• The Olympics, the biggest global event, also have a far from negligible carbon footprint.

    Those in Tokyo are no exception to the rule, since the 15 days of trials will generate around 2.4 million tonnes of CO2 equivalent.

  • This is less than expected, due to the absence of foreign spectators.

    It is especially much less than the Games of London and Rio.

    And Paris 2024 wants to do better, by providing for the emission of 1.5 million tonnes eqCO2.

  • How to do ?

    Greenly publishes this Thursday an in-depth study of the carbon footprint of the Tokyo Games.

    One main source of emissions is the construction of infrastructure.

    But there is room for improvement for the others.

Far from us the desire to spoil the celebration that are these Olympic Games in Tokyo, which brighten up a decidedly rainy summer in metropolitan France.

Nevertheless, this planetary event generates its share of greenhouse gas emissions.

The Tokyo Olympics will emit 2.73 million tonnes of CO2 equivalent, according to the official estimate measured using a methodology first used during the London Games.

A little less even with this Covid-19 pandemic, which pushed Japan to block the arrival of foreign spectators.

Bad news for the spirit of the Games, but which made it possible to avoid 340,000 tonnes of CO2 emissions.

2.40 million tonnes eq / CO2 for Tokyo without spectators

The carbon footprint of the Tokyo Olympics would therefore approach 2.40 million tonnes eqCO2. Not nothing. "This is the equivalent of the annual emissions of around 220,000 French people, or those generated by 1.2 million Paris-New York return flights by plane", assesses Alexis Normand, co-founder and CEO of Greenly, a company specialized in the calculation of carbon balances. It's still better than the London Olympics in 2012, and those in Rio in 2016, which both were around 3.50 million tonnes eq / CO2.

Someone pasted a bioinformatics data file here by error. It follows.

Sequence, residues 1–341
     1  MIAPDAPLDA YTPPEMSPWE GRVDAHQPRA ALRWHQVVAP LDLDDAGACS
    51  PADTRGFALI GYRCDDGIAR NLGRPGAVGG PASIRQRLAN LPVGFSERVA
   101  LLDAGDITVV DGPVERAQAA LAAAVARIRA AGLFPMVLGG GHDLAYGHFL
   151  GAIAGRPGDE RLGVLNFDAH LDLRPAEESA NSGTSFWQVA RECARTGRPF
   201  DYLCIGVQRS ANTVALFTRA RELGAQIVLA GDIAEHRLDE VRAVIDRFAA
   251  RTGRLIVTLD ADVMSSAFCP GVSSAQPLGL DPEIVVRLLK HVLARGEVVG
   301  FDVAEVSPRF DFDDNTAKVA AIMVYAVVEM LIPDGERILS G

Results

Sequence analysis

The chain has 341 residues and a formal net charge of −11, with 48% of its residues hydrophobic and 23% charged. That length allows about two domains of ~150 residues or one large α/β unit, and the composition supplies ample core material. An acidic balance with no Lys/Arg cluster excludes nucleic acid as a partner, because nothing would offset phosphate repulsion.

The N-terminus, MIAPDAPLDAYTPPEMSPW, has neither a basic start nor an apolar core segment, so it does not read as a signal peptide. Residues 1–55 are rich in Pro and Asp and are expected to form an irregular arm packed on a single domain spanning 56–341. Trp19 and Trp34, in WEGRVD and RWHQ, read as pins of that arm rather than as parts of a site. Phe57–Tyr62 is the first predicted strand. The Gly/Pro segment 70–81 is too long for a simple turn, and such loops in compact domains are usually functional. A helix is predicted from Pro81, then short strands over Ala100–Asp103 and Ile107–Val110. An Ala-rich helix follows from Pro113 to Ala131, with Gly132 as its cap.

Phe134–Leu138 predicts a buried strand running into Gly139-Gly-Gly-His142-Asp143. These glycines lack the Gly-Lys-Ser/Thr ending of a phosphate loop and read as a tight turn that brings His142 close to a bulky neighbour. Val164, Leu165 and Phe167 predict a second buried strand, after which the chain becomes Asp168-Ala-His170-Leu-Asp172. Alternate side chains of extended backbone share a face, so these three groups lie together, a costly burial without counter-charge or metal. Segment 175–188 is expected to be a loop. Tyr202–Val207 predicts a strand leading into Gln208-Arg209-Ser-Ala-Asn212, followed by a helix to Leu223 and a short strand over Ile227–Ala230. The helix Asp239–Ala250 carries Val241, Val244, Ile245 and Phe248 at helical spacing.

Greenly publishes, this Thursday, an in-depth study of the carbon footprint of this new Olympiad, comparing it with the last three editions.

First surprise for Alexis Normand: "The absence of foreign spectators only reduced the carbon footprint of the Tokyo Olympics by 12.5%," he notes.

We could have expected more, knowing that these spectators [600,000 were initially expected] mainly come by plane, even more when it comes to going to Japan.

"

Is the construction of infrastructure a heavy weight in the carbon footprint?

Jérôme Lachaze, specialist in sustainable development in sport and currently CSR manager at the Automobile club de l'Ouest (organizer of the 24h of Le Mans), is less surprised.

"In the carbon footprint of an Olympiad, it is the construction of event venues and other infrastructure that often turns out to be the primary source of CO2 emissions," he explains.

This accounted for 50% of the carbon footprint of the London Olympics, 43% of those in Rio, confirms Greenly.

In Tokyo, the share climbs to 55%, calculates Greenly.

Of the 43 sites used, 25 were already there, ten are temporary and eight, therefore, were built from scratch and are intended to last after the Olympics.

This is particularly the case with the Tokyo Aquatic Center or the Olympic Stadium.

The rest of the carbon footprint is broken down into a multitude of emission items.

From energy consumption to the making of medals, including various ceremonies, distribution, advertising, logistics, etc.

11,000 athletes also to come